Some Walks Are Better Than Others

Dirty Dog was fairly quiet as we returned from our walk the next day. To get the conversation ball rolling I asked him why he’d refused to walk with me the last time I’d asked him.

He said, “Just because.”

 

When I pressed him for more information he really let it out.

“Dad, you’ve got to understand that dogs are just like people in many ways. We don’t always have a reason why we do or don’t do something, and I don’t know, I guess I just didn’t want to. I had no real reason. I didn’t feel bad; I didn’t think I had been mistreated or abused in any way. You, and especially Mom, had been loving and kind to me in every way. I just didn’t want to go. And, Dad, I hope you can have some empathy and understand that sometimes that’s just the way it is. You seem to be able to do that with people. I’m having trouble believing that you’re prejudiced, Dad, that you would show discrimination after all those speeches you make about how you hate prejudice, how you think it’s so terribly wrong for people to discriminate.”

I wasn’t going to challenge him on his point so I asked him why he so willingly went along with me on the walk today.

He said, and I quote him directly: “Dad, don’t you remember that before you went up to take your nap you told Mom that you were going to take a walk later?”

I admitted that I did.

He said, “Well, I knew that since you were going to take a nap first, that meant you would not be in any kind of hurry. I just hate it, Dad, when I feel rushed on these walks and you feel like you’ve got to go a mile a minute because Dr. Cooper says you’ve got to walk fast in order to get in better condition. Well, that’s fine for you, Dad, but as I’ve heard you say, ‘Dirty Dog is a full-size dog with pint-size legs.’ Dad, I just can’t cover as much ground—unless I’m running—as you can. When you came downstairs after your nap I could see that you were in no hurry. As a matter of fact, you took a minute or two to pet me and talk to me and roll me on my back on the floor and tickle my tummy and even spin me around a couple of times. Incidentally, Dad, I like to do a little of that, but sometimes you overdo it! Anyway, I figured you were not in a hurry so I was delighted to go for the walk.”

Then I said, “Dirty Dog, I know you sniff around so you can protect me from bad dogs, but why is it that when we first start our walk you have to stop a dozen times (it seems like) before you finally get into gear?”

And again he explained to me, “Well, Dad, you know, dogs have certain business they have to take care of that you people don’t know anything about. For example, Dad, you’re nearly five feet taller than I am. I’m built low to the ground. Now that gives you some advantages, but it gives me some advantages, too. When I pause and sniff and, I’ll admit, frequently raise my leg for you-know-what, I’m really just ‘marking the territory.’ I let these neighborhood dogs—most of whom I know and get along well with, but some I don’t—know that I’ve been by and that I’m reclaiming the territory as my own. That’s what I’m doing, Dad. I know you’ve read the book Territorial Prerogative and recognize the importance for both dogs and people to have territories of their own.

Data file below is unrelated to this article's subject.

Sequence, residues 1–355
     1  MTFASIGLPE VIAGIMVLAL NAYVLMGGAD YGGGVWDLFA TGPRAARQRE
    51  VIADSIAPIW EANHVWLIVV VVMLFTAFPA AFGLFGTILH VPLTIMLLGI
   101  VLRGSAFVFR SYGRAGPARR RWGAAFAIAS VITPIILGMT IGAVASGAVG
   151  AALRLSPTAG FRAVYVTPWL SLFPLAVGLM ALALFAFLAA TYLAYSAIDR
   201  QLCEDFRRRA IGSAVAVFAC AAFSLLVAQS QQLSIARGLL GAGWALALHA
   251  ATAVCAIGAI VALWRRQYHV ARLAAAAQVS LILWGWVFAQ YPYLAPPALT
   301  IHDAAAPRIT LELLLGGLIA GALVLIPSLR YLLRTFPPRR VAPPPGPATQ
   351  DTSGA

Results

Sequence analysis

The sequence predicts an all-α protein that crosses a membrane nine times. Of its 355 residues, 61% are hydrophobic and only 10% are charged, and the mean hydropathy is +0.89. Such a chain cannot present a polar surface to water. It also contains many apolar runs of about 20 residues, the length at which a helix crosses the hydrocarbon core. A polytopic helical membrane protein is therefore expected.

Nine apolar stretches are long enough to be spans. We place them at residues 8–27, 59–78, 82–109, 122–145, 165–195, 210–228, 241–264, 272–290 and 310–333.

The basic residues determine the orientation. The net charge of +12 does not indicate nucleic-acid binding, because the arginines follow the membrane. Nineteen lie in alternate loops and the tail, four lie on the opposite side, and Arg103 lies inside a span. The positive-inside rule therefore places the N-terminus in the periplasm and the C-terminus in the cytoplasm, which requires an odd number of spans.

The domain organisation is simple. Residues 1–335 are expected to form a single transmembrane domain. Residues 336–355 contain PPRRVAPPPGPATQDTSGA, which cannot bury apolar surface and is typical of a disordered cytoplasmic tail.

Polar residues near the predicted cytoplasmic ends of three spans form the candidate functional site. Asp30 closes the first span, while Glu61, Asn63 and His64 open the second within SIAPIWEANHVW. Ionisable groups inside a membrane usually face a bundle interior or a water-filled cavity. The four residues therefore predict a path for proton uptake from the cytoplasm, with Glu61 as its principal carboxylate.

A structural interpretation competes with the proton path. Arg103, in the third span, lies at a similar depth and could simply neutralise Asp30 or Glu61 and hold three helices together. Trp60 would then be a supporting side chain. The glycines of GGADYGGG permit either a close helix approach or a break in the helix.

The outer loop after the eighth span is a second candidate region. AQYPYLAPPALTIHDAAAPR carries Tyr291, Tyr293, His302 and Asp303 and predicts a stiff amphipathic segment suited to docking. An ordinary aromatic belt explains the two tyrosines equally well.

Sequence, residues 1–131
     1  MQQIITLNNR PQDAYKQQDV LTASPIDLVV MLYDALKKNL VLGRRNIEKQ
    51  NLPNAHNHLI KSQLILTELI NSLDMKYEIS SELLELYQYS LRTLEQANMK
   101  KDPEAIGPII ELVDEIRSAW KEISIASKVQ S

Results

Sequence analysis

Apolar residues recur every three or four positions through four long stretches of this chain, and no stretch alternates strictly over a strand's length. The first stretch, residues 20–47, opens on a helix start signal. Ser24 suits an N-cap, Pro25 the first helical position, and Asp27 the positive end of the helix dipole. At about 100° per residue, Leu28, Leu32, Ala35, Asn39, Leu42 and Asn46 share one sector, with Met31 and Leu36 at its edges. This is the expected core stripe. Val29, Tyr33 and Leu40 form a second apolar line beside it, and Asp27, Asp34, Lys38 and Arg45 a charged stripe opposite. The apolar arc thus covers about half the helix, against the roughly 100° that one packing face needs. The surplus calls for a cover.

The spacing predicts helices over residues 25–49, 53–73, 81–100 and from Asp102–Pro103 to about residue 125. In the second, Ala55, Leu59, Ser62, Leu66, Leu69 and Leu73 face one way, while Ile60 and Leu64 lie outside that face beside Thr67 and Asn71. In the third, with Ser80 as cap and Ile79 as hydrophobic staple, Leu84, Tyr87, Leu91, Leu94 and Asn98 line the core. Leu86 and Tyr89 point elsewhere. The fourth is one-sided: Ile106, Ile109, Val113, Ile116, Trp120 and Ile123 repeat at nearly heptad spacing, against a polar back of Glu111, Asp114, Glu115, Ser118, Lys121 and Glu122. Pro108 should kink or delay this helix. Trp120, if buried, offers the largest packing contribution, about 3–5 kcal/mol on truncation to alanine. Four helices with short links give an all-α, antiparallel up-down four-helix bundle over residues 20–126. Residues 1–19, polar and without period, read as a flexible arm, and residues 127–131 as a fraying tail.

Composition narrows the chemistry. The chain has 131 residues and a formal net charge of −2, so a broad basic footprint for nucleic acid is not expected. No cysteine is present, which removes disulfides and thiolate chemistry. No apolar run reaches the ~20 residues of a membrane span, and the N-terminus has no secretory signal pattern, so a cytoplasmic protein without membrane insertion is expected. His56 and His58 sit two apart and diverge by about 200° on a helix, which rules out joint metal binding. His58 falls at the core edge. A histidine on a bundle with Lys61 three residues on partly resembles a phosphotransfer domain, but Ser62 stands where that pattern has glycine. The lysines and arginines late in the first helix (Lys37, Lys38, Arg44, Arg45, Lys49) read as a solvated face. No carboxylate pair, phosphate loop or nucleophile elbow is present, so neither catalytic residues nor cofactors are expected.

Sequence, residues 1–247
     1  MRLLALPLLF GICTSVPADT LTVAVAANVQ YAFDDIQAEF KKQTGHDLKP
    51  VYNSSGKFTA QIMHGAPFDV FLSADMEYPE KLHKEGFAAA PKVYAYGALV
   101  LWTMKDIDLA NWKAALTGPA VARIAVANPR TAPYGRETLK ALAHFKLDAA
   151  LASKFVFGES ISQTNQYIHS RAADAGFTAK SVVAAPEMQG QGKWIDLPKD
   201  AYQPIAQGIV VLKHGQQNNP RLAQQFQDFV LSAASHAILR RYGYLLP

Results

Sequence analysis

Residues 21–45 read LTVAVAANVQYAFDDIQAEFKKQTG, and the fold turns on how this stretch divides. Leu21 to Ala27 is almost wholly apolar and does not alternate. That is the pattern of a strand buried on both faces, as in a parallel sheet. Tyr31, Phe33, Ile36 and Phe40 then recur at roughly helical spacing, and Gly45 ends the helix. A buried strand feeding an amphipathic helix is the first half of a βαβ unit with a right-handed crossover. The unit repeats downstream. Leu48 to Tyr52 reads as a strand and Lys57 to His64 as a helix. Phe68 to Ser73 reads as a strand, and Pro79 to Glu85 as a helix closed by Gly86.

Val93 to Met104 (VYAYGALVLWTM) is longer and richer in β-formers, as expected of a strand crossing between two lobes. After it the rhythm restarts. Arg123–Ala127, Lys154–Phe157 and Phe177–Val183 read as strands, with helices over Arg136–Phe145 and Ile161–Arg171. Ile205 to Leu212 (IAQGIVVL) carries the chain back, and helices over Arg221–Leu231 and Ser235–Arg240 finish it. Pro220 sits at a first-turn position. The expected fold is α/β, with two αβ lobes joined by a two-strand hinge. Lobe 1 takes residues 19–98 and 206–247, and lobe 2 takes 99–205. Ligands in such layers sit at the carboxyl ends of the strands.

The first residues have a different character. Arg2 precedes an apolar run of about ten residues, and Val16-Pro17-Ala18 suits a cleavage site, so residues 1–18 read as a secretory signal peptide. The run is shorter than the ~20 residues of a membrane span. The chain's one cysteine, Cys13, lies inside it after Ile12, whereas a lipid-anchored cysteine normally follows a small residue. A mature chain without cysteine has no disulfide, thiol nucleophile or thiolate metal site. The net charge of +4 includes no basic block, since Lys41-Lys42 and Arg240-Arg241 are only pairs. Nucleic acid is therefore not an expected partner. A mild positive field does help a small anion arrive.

“If you’ll remember that in your dealing with people, it’ll help you get along better with ’em, Dad. Not only that, but you’ll be a better teacher and you can help more folks in their ‘human relations,’ and help them to win more friends and influence more people.”

Well, I thought the conversation was over, but Dirty Dog really was “wound up” and spitting out good information and advice, so I ventured another question: “Well, Dirty Dog, do you have anything you’d like to volunteer that I should know and be aware of?”

“Well,” he said, “now that you mention it, Dad, I really do. I know that you’re a ‘high I and a high D,’ and I’ve heard you talking about those characteristics of the various personalities from the ‘DISC’ program. I know that you’re kind of impetuous, that you want to ‘run the show,’ you want to be in control, but at the same time it also tells me that you want to get along well with people and have them like you. So for your information, Dad, the same qualities are present in us dogs. I’m more like Mom in that respect, Dad. As you know, she’s a ‘low I, low D,’ but ‘high S and high C.’ She’s more curious—that’s the way I am. I like to look into things. She’s more patient and she’s not nearly as impetuous as you—that’s the way I am, Dad. I don’t just like to ‘go there to get there.’ I like to be learning things on the way. And you know Mom’s the same way, and you certainly seem to understand and get along with her. Dad, you’ve got to remember the ‘type’ of person or dog you’re dealing with and be considerate of his personality needs. For instance, if you’ll be more patient with me, I’ll try harder to understand when necessity forces you to be in a hurry and you really don’t have time to play or even talk to me.”

Dirty Dog certainly gave me a thorough short course in communication and human/dog nature. If I can consistently communicate the way he has suggested I should, life’s road will be much smoother.